Interesting comment by Graeme, presumably meant for SPA and the many ‘film schools’ creating endless streams of so called ‘Producers’/2000 of TOM, Dick and Whomever ‘Producers’, its a joke. Imagine if the ACS allowed every one holding a video camera to be part of the ACS, just to collect fees? SPA get your act together, it may well help to improve private investors views of our industry.
    Don’t however agree with Graeme’s view of private investment being difficult to achieve, SA is required to seek private investment via the SA 2008 Act and SA should, no must, make an effort to involve private investment, Its a matter of financial structuring.

    One more matter, I totally object to Box Office revenue constantly being mentioned, it is totally misleading and has very little to do with profit, if such quotes were used in a official prospectus or in a company statement, surely they would be having to explain to ASIC, I wonder how may box office figures were quoted in the SA Australia Profit statistics?

    Nevertheless the Enterprise concept is hopefully here to stay and prosper. Martin

  • Jessica

    How can anything be labelled “affirmative action” when the ground rules for applying dictate that one must already be part of the previously funded club? If one falls out of the club … because one takes a sideways step in one’s career for family or other career reasons – there is no support and no way back in.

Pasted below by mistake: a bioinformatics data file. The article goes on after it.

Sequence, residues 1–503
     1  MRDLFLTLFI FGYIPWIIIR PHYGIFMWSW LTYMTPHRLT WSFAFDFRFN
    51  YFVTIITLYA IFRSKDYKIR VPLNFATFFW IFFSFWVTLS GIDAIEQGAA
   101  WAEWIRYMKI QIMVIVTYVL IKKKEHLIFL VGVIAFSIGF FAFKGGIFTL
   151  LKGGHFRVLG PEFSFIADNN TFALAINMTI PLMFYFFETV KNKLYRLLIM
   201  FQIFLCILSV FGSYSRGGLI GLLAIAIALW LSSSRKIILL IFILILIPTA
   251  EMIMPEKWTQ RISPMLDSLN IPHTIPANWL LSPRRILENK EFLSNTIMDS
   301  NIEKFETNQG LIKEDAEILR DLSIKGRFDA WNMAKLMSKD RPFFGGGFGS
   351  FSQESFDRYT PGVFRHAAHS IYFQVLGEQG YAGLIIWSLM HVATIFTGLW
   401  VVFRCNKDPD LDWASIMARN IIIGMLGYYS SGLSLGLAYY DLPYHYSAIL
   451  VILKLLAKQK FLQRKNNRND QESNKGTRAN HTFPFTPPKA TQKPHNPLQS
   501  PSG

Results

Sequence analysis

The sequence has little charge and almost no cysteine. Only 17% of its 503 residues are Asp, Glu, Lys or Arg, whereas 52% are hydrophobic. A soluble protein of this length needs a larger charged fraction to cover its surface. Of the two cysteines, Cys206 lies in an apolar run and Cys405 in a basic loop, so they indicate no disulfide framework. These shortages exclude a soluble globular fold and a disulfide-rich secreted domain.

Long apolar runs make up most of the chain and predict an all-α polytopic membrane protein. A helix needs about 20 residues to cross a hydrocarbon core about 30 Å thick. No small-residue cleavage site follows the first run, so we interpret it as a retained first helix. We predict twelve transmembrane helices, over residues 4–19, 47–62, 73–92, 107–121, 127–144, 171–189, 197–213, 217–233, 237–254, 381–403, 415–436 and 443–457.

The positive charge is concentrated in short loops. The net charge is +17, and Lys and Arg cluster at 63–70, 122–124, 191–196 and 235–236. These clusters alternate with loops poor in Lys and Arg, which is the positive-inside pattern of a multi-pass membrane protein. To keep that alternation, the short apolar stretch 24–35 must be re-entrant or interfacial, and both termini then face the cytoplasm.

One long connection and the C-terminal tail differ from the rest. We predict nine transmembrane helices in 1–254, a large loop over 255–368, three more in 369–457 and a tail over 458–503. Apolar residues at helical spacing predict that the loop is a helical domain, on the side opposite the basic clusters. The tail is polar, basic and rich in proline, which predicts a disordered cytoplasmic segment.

There are too few “qualifying” festivals etc that don’t reflect the success of commercial or genre films (vs art house films).

    Have you never noticed that those that get funding are all ex-funding agency employees ?

    Clearly they “know” something about the application process / criteria that isn’t made readily available to other producers. In fact other producers are told to “go ask the funded producers to see what they put in their applications”. That’s a bit like asking someone to reveal their winning lottery ticket numbers. It isn’t going to happen. And nor should it. Why aren’t our tax dollars which pay these agencies good enough to get solid and guidance ? or more bluntly – why isn’t there a little more transparency in the process ?